Voters in the Dominican Republic were scheduled to choose a new president yesterday in a race that, while very close, could well avoid a second round, polls said.
The high cost of living, unemployment, corruption and elevated crime rate were top issues in the race between ruling Dominican Liberation Party candidate Danilo Medina, 60, and former Dominican president Hipolito Mejia, 71, leader of the Dominican Revolutionary Party.
Clashes between the candidates’ supporters have left two dead in recent weeks and the Dominican Supreme Electoral Tribunal has had to instruct both candidates to tone down their rhetoric.
The Dominican Republic, which shares the Caribbean island of Hispaniola with Haiti, side-stepped the global economic crisis in 2008, but remains mired in poverty despite solid economic growth under Dominican President Leonel Fernandez.
A Greenberg poll published early in the week gave Medina 51 percent of likely votes, compared to 46 percent for Mejia. Such a tight margin could leave four minor candidates splitting the few remaining points.
A Gallup poll late last month gave Medina 51 percent and Mejia 44.6 percent.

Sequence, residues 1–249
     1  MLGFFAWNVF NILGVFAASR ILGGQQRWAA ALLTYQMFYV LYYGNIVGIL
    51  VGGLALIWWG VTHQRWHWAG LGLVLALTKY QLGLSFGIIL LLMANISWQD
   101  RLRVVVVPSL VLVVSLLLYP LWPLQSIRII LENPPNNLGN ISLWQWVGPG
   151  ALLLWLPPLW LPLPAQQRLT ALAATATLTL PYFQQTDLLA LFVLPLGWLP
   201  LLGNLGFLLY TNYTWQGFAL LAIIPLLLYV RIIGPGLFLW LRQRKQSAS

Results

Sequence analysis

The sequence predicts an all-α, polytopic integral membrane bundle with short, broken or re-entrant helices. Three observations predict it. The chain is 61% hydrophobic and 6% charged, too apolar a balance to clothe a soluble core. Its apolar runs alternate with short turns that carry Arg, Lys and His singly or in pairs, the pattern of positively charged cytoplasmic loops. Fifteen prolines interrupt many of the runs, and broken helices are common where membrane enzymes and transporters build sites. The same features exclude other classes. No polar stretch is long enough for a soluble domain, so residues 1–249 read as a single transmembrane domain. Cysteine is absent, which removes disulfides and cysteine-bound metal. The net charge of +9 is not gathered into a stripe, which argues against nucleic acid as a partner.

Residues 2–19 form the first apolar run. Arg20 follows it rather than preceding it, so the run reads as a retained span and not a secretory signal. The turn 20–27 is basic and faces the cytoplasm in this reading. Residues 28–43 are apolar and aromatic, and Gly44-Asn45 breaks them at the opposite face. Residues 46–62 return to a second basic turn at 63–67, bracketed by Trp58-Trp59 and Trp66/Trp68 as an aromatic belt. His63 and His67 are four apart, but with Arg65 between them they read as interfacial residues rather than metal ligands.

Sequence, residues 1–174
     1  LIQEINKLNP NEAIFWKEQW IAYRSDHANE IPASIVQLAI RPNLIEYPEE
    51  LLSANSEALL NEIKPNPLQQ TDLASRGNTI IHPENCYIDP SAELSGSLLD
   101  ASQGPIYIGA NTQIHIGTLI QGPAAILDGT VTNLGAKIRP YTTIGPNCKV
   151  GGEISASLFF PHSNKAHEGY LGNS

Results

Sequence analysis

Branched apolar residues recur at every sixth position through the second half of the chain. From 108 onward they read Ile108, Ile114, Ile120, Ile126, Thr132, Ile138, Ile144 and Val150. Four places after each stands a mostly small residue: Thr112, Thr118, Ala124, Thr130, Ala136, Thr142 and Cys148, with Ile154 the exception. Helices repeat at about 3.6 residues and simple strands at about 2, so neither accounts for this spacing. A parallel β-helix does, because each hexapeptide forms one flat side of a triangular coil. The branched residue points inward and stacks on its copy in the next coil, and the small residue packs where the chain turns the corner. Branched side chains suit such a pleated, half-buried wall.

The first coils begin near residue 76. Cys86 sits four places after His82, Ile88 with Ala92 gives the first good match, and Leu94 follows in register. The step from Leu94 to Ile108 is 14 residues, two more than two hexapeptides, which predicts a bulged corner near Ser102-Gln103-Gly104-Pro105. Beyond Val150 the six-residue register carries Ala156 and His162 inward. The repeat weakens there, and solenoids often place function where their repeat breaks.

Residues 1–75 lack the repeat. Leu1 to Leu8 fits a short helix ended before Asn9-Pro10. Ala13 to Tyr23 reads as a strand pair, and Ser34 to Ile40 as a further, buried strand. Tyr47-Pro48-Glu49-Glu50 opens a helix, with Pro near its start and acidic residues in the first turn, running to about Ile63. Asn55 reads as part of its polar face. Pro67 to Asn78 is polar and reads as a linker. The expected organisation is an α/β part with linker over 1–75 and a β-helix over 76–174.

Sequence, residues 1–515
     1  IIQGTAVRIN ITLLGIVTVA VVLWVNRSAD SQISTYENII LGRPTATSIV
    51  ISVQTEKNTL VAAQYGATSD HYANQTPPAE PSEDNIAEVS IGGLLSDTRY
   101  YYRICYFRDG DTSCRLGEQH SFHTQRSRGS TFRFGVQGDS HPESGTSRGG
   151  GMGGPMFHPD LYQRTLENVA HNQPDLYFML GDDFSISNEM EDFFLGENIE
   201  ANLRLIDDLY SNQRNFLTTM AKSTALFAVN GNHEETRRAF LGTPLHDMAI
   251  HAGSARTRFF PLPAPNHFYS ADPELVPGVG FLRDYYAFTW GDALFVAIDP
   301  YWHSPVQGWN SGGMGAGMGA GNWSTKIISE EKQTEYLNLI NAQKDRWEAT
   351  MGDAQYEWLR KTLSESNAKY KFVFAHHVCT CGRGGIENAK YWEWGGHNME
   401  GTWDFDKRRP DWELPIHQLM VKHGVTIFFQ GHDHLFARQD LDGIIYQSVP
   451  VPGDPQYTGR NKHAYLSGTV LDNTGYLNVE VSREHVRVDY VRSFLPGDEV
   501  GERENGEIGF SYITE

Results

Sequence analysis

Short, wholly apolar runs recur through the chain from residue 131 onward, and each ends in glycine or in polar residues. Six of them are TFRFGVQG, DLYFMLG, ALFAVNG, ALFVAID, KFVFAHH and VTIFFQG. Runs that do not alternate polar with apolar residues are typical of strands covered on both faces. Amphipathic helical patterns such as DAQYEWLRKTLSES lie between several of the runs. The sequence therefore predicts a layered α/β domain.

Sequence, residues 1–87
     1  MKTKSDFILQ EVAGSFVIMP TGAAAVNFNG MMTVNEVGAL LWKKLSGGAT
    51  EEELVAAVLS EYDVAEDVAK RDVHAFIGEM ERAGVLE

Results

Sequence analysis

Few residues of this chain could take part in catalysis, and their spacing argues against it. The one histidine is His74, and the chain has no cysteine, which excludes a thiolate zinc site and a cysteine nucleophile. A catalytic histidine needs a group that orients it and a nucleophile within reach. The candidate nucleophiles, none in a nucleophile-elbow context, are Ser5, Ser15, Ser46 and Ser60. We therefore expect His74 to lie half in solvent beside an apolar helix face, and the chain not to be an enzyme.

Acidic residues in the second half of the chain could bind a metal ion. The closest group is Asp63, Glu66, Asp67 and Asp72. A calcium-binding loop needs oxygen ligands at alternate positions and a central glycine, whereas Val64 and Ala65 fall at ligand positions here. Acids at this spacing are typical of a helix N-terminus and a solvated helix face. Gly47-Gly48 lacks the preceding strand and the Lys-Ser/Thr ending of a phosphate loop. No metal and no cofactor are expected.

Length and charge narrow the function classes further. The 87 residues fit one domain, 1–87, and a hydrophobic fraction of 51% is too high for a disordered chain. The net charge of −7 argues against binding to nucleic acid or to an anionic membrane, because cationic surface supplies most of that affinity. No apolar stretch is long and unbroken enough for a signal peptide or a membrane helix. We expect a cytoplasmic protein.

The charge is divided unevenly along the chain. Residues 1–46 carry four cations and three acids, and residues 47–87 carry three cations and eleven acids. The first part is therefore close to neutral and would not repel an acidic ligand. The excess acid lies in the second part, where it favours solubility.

Neither said it was likely that no candidate would win the 50-percent-plus-one of the votes needed to avoid a runoff next month
Fernandez’s wife Margarita Cedeno is Medina’s running mate, reinforcing his image as a candidate who will see through the current government’s liberal economic policies, promising “safe change.”
The mountainous nation still depends heavily on tourism, remittances from Dominicans living overseas, aid from the IMF and cheap oil from Venezuela.
Inflation surpassed 7 percent last year, unemployment was 14.6 percent and 30 percent of its 10 million people live in poverty.
Mejia has shaped his campaign around promises to fight poverty with social programs and policies to boost agriculture and aid farm workers.
An agronomist by training, Mejia has a strong following among poor farmers, with a down home style and rhetoric that helped him win the presidency in 2004, when he defeated Medina.
There are 6.5 million Dominican voters, including 328,000 who live outside the country, about a third of them in New York.